But grammar Nazis have crowded other forms of punctuation onto trains, never to be seen again. Let’s take a moment to remember these fallen heroes:

The University of California at Santa Cruz semicolon (or ‘UCSC semi’, as grammarians in the know call it), for example. Why did a banana-slug yellow semicolon fall out of favor? Was it the slime? Its sticky nature served to force readers to pause and extract themselves from the sentence, which is exactly what a semicolon is for!

The Harvard em-dash / Yale en-dash rivalry has always been interesting to watch, though how the use of fight songs is supposed to prove your point is beyond me. But any dash that has its length defined by a typeface standard stored in the Bureau of International Weights and Standards in France is, by definition, awesome, and will always be welcome in my manuscripts.

When it comes to fight songs, though, nobody can justify the existence of the Northwestern University period (or ‘stop’) better than Northwestern University. Their argument is so catchy, so hummable, how can anyone resist? Sure, a bold period that’s hollow is a bit strange, but heck, if the font is small enough, you can’t even tell. Lighten up, people!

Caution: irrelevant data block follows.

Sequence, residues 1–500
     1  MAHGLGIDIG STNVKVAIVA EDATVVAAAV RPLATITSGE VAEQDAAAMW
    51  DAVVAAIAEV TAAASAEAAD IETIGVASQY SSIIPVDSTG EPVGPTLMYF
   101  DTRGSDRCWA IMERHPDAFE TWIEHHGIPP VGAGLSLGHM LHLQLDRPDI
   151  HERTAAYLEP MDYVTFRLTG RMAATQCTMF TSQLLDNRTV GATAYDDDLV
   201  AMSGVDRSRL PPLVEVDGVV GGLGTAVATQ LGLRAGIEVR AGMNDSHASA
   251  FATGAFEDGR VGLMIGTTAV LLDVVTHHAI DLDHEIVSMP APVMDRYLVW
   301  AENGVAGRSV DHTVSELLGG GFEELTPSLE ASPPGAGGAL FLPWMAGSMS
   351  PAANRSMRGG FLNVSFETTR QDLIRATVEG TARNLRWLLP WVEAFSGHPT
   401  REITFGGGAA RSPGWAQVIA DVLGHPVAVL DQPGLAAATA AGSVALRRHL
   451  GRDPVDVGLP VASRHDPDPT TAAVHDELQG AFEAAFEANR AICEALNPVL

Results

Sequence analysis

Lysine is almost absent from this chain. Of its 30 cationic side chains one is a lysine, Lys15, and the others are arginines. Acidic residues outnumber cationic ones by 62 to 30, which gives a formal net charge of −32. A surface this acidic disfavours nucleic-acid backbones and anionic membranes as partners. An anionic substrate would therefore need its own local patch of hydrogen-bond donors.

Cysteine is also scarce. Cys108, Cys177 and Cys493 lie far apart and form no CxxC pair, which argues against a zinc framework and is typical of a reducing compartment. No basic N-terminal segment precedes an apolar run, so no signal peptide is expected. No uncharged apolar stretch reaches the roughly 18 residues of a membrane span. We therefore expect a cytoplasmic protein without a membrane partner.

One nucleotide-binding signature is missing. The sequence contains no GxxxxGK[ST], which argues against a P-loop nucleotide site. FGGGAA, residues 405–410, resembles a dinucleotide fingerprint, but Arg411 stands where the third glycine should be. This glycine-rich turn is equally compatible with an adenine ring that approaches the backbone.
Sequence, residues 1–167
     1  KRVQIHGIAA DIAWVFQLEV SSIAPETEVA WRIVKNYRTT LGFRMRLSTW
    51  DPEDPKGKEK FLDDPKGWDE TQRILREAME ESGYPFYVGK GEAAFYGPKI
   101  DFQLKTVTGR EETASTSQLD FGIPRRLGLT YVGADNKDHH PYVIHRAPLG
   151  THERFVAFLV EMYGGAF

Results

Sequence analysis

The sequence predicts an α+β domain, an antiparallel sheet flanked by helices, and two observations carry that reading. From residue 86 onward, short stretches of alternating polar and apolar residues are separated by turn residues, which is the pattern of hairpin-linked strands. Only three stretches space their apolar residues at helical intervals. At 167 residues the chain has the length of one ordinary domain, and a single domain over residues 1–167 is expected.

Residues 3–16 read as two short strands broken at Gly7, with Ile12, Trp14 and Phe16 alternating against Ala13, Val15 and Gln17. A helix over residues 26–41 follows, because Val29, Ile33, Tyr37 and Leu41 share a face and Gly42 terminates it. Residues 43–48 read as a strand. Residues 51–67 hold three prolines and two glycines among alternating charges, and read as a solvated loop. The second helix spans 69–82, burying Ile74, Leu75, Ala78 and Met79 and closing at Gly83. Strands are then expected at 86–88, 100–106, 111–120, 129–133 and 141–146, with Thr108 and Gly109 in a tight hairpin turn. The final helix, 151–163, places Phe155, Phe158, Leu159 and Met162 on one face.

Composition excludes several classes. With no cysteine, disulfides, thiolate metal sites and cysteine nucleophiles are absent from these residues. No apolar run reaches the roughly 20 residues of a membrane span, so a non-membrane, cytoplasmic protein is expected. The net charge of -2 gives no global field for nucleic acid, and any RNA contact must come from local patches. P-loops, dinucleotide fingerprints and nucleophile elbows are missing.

And in any discussion of dangling punctuation, one cannot leave out the long, drawn-out Colorado University at Boulder ellipse. How can you not love…nay, lust after…nay, downright require the use of an ellipse whose creation is apocryphally attributed to an English department staff party involving marijuana-laced brownies? Sure, it’s thirty-seven periods (or ‘stops’) long, but who hasn’t gotten stoned and then paused excessively mid-sentence?

I understand the CU Boulder ellipse was a favorite of Hunter S. Thompson. That’s sayin’ something right there. I don’t know exactly what, but it’s something.